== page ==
Three female corrections officers at the Cook County Jail have filed a lawsuit claiming that Sheriff Tom Dart has not done enough to protect them from inmates who threaten and grope female guards and “brazenly masturbate” in front of them.

A lawyer for veteran corrections officers Sdahrie Howard, Denise Hobbs and Ellenor Altman said the trio and their fellow female officers who work in the jail complex have had to deal almost daily with incidents in which inmates threaten and harass them.

The lawsuit also alleges supervisors have discouraged the women from filing complaints about the behavior, telling them witnessing the behavior is “part of the job.”

“They really do fear for their safety,” said attorney Marni Willenson, who represents the three officers. “Women have a right to go to work without looking over their shoulder fearing they’re going to be raped or aggressively exposed to genitalia.”

The lawsuit, which seeks class status on behalf of hundreds of women who work as corrections officers, was filed Friday in U.S. District Court — nearly two years after the women filed a complaint with the Equal Opportunity Employment Commission, and, coincidentally, just days after women lawyers at the Cook County Public Defender’s Office filed a similar lawsuit, alleging female staff also are subject to similar harassment from inmates.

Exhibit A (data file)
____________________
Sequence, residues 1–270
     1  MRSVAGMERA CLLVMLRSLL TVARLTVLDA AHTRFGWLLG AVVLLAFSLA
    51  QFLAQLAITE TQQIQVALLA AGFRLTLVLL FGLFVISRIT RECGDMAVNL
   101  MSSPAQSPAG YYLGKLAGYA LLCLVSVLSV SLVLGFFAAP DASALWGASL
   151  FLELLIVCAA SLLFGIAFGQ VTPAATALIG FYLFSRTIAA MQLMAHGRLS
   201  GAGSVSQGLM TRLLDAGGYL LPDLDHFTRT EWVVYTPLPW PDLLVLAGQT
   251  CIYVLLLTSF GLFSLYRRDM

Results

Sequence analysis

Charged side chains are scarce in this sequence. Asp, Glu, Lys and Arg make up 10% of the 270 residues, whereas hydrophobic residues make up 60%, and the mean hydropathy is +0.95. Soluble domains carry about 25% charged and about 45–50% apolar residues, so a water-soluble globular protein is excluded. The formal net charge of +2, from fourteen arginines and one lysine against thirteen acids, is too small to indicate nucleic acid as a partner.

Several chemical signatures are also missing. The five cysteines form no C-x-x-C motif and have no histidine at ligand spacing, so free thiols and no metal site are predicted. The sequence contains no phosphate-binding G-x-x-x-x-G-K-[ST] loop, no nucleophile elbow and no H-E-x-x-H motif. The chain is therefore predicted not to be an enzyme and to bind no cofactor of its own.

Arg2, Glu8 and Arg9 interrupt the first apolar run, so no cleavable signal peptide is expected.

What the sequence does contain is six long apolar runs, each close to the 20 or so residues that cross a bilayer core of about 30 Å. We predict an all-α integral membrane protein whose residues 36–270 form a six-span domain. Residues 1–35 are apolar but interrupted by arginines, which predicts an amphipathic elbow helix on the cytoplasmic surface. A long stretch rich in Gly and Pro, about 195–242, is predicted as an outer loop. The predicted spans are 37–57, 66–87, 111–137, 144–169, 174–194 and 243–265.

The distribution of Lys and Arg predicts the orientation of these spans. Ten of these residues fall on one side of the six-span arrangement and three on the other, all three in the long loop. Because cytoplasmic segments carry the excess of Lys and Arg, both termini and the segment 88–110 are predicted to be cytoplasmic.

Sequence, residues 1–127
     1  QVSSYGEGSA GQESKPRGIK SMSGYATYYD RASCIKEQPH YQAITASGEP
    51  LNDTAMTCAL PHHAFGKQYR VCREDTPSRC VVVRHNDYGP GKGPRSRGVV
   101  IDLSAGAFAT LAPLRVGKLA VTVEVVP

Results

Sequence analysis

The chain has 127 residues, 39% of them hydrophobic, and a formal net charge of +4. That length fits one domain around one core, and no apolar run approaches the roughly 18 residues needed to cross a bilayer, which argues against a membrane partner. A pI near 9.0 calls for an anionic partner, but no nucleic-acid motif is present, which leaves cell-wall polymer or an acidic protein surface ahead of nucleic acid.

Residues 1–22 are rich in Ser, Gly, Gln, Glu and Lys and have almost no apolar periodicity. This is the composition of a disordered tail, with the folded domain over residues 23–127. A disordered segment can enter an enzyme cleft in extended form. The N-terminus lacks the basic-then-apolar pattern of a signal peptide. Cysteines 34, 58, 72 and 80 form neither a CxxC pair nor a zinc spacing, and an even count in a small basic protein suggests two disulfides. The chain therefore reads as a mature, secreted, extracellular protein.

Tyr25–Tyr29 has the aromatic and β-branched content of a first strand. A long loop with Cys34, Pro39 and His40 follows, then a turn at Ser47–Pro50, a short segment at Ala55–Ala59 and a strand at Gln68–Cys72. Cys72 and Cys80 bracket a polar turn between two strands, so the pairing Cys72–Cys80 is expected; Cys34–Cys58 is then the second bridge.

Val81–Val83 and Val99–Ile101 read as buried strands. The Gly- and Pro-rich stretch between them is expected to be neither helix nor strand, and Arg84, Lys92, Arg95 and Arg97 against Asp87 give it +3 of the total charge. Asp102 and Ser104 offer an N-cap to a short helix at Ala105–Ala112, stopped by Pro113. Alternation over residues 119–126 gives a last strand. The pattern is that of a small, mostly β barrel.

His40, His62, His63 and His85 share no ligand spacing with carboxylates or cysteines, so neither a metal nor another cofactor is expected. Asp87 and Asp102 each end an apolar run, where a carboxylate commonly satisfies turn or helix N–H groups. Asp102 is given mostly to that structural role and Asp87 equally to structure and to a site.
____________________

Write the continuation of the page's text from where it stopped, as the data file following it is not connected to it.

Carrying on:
Cara Smith, Dart’s chief of policy, said Friday that the sheriff’s office has tried to deal with the increasing number of incidents at the jail for about two years, and that a variety of measures undertaken to stop the behavior have failed.

Since January, 222 detainees have been charged with indecent exposure, including 144 cases where the victims were jail personnel, Smith said. Dart backed legislation that would increase the penalties for indecent exposure committed inside jails and prisons, but blames Campanelli’s office for stalling the bill.

“We will continue to try these sort of Band Aid operational fixes to deal with the problem,” Smith said. “But the reality is that the tools we have to address this behavior are grossly inefficient to deal with the task.”

Willenson agreed.

“There’s no dispute there,” she said. “Whatever they’re doing, it’s not working.”